St. Mary Roman Catholic Church (Detroit)

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St. Mary Roman Catholic Church
Location 646 Monroe Street
Detroit, Michigan
Coordinates 42°20′6″N 83°2′32″W / 42.33500°N 83.04222°W / 42.33500; -83.04222Coordinates: 42°20′6″N 83°2′32″W / 42.33500°N 83.04222°W / 42.33500; -83.04222
Architect Peter Dederichs
Architectural style Pisan Romanesque
Governing body Roman Catholic Archdiocese of Detroit
Part of Greektown Historic District (#82002902)
Added to NRHP May 6, 1982

St. Mary Roman Catholic Church, formally the Church of the Immaculate Conception of the Blessed Virgin Mary is the third oldest Roman Catholic parish in Detroit, Michigan.[1] It is located at 646 Monroe Street in heart of Greektown Historic District in downtown Detroit. It is often called Old St. Mary's Church to avoid confusion with other St. Mary's parishes in the Redford neighborhood of Detroit or nearby Royal Oak, Monroe, or Wayne.

The complex originally consisted of the church, rectory, constructed in 1876, school, constructed in 1868, and convent, completed in 1922.[2] The convent was demolished in the early 2000s and replaced with a community center designed to resemble the 1841 church building.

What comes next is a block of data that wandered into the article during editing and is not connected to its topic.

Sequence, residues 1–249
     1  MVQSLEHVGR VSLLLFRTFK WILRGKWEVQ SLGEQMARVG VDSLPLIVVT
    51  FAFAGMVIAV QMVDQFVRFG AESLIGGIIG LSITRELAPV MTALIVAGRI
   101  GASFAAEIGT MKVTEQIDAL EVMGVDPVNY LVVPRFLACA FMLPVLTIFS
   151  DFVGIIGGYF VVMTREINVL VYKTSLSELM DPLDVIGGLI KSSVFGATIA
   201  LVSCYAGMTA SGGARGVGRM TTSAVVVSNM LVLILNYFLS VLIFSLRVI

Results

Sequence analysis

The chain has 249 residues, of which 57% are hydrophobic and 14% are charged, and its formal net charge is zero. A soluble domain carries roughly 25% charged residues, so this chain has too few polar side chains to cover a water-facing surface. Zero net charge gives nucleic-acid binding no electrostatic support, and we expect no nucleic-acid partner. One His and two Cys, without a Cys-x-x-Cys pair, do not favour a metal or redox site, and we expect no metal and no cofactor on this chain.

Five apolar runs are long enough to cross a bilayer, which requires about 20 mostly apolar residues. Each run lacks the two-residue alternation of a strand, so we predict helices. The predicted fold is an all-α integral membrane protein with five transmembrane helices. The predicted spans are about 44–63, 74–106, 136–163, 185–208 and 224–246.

St. Mary Parish has been staffed by the Spiritans or Holy Ghost Fathers since 1893. It was previously administered by the Franciscan Fathers (1872-1893) and the Redemptorist Fathers (1847-1872).

History[edit]

Saint Mary Roman Catholic Church in Detroit's Greektown Historic District

The parish was founded in 1834 by Father Martin Kundig to serve the German-speaking immigrants who settled in this part of the city. The first church was constructed in 1841 at this site on land sold to Bishop Peter Paul LeFevere for one dollar by Antoine and Monica Beaubien, two of the area's early settlers. The materials for the church cost an additional $239. The Beaubiens also donated four bells for the new church.[3]

The cornerstone for the current structure was laid in 1884 and it was completed in 1885. Its German born and trained architect Peter Dederichs was a parishioner of the Church and also designed nearby Sacred Heart Church.[4]

In the early twentieth century, Father Joseph Wuest, then-Pastor of Old St. Mary's, constructed three grottos at the rear of the church. One is the Baptistry on the Epistle side of the building. It depicts the scene described in the Canonical Gospels of the Baptism of Jesus. Next to the Baptistry is a replica of the Shrine of Lourdes. Within this grotto is an altar where weekly mass is celebrated. Older members of the church say that Father Wuest collected the rocks he used in the construction during a trip to Lourdes, France. On the opposite side of the church is the third grotto which depicts the scene in the Garden of Gethsemane the night before the crucifixion.[2]

Rev. John A. Lemke, born in Detroit on February 10, 1866, of Prussian-Polish parents, was baptized at St. Mary's on February 18, 1866. He went on to become the first native-born Roman Catholic Priest of Polish descent to be ordained in the United States.[5]